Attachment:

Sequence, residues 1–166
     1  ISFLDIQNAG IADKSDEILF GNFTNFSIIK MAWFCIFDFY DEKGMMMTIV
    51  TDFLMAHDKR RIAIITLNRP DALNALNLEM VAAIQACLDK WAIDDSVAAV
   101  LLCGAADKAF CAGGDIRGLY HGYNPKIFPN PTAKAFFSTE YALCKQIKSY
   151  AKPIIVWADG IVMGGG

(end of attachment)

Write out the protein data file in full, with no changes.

Sequence, residues 1–166
     1  ISFLDIQNAG IADKSDEILF GNFTNFSIIK MAWFCIFDFY DEKGMMMTIV
    51  TDFLMAHDKR RIAIITLNRP DALNALNLEM VAAIQACLDK WAIDDSVAAV
   101  LLCGAADKAF CAGGDIRGLY HGYNPKIFPN PTAKAFFSTE YALCKQIKSY
   151  AKPIIVWADG IVMGGG